Baltimore City Circuit Judge Nixes Ban on Unicorn Rubble-Fill
By Steve Lash
A Maryland law aimed at preventing the construction and operation of a rubble landfill near a Queen Anne’s County lake has been struck down as unconstitutionally targeting and burdening a single company.
Baltimore City Circuit Judge Martin P. Welch ruled that the 2007 law, barring the state environmental agency from approving a rubble landfill within four miles of Unicorn Lake, violates the Maryland Constitution’s prohibition on “special” laws, those aimed at a specific person or company to prevent the individual or entity from taking otherwise lawful action.
The target of the controversial law, referred to in court papers as Chapter 161, was Days Cove Reclamation Company Inc., which at the time of the statute’s enactment was nearing state approval to build and operate a landfill within 1,000 feet of the lake, Welch said.
The landfill, first proposed in 1993, has drawn opposition from nearby residents and the Queen Anne’s County Board of Commissioners, which originally supported the planned facility. Chapter 161 does not mention Days Cove by name, but Welch stated in his decision that the waste-management company was clearly the sole target of the legislation.
Days Cove was the only company the board had approved to operate a landfill near the lake, Welch wrote. In addition, Sen. E.J. Pipkin, R-Queen Anne’s County, wrote during General Assembly consideration of the measure that the legislation, which he sponsored, was an effort to “stop this landfill,” Welch stated.
“The plaintiff is a member of a class of one,” Welch wrote. “Although Chapter 161 does not explicitly or specifically identify plaintiff [Days Cove], it does implicitly identify plaintiff. This distinction does not weaken the argument for the finding of a special law.”
Welch added that other statutes calling for state approval before landfills can be built provide opponents with adequate opportunity to object without unconstitutionally singling out a single entity.
No special favors
James J. Doyle III, Days Cove’s attorney, hailed Welch’s decision not only as a victory for his client but as sending a message to legislators that “there are limits” to their efforts to block specific companies from engaging in otherwise lawful endeavors.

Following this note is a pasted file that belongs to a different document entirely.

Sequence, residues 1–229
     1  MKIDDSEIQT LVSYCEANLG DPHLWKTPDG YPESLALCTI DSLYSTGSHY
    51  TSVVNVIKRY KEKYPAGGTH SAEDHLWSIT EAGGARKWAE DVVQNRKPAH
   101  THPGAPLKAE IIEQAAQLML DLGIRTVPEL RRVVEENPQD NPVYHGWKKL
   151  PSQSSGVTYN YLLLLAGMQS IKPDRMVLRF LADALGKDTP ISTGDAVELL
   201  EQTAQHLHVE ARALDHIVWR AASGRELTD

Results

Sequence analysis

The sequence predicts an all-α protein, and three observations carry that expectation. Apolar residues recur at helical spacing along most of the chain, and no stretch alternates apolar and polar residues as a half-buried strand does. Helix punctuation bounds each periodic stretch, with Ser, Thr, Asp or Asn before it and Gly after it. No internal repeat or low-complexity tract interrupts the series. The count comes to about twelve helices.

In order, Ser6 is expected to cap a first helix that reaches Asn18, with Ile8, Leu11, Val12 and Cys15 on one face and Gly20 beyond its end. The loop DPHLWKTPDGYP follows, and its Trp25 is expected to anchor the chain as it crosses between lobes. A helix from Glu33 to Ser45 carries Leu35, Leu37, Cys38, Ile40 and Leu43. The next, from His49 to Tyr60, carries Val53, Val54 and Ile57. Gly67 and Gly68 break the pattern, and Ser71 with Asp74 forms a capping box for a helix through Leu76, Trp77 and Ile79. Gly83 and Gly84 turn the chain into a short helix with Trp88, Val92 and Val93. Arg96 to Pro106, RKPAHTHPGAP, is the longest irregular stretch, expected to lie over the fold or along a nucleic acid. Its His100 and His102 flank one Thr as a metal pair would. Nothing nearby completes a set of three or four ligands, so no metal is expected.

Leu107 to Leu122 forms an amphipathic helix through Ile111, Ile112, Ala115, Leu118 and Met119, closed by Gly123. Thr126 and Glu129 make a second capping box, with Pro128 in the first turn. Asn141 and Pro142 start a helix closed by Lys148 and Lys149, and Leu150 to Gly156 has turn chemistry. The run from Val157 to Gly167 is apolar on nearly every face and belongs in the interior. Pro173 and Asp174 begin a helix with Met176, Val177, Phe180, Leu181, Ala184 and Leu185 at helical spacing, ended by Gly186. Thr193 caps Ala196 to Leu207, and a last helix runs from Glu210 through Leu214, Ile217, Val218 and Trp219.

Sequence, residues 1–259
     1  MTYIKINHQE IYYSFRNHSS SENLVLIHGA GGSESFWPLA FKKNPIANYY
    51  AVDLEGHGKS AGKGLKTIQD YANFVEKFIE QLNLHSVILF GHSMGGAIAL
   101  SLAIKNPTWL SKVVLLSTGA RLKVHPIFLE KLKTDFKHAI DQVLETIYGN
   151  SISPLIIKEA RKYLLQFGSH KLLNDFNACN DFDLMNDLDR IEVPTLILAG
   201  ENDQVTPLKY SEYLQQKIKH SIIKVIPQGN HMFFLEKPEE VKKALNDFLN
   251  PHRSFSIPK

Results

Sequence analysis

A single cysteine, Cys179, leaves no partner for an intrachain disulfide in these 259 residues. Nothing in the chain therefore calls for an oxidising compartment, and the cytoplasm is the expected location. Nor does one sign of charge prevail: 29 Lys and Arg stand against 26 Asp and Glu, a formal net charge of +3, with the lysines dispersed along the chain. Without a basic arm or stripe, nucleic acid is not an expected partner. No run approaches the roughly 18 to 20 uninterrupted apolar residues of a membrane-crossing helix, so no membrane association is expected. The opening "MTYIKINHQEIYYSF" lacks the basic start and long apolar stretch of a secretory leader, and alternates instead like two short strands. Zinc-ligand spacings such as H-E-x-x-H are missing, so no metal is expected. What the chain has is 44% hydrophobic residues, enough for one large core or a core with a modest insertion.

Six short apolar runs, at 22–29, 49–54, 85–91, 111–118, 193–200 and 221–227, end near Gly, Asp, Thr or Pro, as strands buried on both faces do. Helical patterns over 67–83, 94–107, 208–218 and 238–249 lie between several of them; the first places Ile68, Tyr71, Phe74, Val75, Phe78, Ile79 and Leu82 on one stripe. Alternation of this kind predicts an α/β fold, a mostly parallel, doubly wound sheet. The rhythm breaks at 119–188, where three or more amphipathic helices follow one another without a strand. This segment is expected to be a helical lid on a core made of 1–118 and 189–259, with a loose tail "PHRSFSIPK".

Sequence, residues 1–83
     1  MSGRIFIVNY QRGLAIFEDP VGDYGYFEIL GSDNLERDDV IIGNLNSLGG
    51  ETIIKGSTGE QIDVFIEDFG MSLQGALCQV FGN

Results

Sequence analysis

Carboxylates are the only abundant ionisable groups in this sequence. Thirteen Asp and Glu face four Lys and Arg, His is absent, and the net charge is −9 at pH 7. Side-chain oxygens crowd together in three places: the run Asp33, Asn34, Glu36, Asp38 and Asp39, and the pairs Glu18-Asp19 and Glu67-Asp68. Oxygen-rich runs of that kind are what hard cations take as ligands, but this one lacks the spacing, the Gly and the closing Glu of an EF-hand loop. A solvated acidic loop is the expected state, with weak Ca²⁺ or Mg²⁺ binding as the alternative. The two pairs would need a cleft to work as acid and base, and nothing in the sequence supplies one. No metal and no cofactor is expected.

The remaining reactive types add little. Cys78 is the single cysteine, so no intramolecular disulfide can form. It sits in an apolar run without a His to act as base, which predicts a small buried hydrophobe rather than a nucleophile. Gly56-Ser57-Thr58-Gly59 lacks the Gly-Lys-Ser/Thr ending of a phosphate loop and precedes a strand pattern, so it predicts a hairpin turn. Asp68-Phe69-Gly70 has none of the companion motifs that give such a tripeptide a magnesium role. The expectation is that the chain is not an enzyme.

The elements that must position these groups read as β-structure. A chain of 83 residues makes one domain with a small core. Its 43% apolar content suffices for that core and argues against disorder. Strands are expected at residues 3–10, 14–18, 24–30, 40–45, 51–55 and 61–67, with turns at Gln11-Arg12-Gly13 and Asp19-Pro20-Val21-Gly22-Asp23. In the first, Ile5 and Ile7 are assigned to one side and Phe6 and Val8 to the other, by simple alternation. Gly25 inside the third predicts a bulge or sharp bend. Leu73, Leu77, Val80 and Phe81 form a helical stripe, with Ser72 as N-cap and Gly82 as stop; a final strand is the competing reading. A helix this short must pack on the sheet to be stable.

“It is significant in that it does say that there is life to the special-law provision in the Constitution,” said Doyle, of counsel at Rich & Henderson P.C. in Annapolis. “You don’t really see many challenges or things overturned on that basis.”
Doyle, who could have litigated the case in Queen Anne’s County, said he opted for Baltimore City Circuit Court because the named defendant in the case, the Maryland Department of the Environment, is based there.
Though MDE was the named defendant, the case was argued by Assistant Attorney General Daniel A. Friedman, counsel to the General Assembly. He argued unsuccessfully that Chapter 161 was constitutional.
The Special Law prohibition tells the General Assembly, “Don’t give anybody special favors,” Friedman said. “Don’t single me out to be treated good or bad.”
Chapter 161 should have passed constitutional muster because it did not single out Days Cove but barred any company from building and operating a landfill near Unicorn Lake, Friedman said.
The attorney general’s office has not yet decided whether it will appeal, Friedman said.
Welch’s ruling marked the latest event in a 15-year effort by Days Cove to construct the landfill near Unicorn Lake.
The 43-acre lake was created nearly 150 years ago when a dam was constructed for a woolen mill. The lake was purchased by the state for $1 in 1961; it is used as a largemouth bass and bluegill fishery and contains a wide variety of other fish.
In 1994, Days Cove’s landfill proposal had the approval of the Queen Anne’s County Board of Commissioners, which amended the county’s solid-waste management plan to permit the facility near the lake.
The board, however, altered course in 1996 after Days Cove applied for a state permit with the MDE. The commissioners attempted to amend the solid-waste management plan to block the landfill, an effort the Court of Special Appeals struck down as pre-empted by state law.
The county also turned to the General Assembly.
In 2006, the legislature passed a three-year moratorium preventing MDE from issuing landfill permits for projects within four miles of the lake. A year later, it made the prohibition permanent by enacting Chapter 161.
Prior to the 2006 law, Days Cove had sought and received MDE approval of the first two phases of the agency’s three-phase approval process before landfill construction could begin.
Welch’s ruling, barring appeal, clears the way for the company to seek approval of the third and final phase, Doyle said.
“There’s no indication that MDE will not do a proper job in processing this permit,” he added.
Originally published by Steve Lash.
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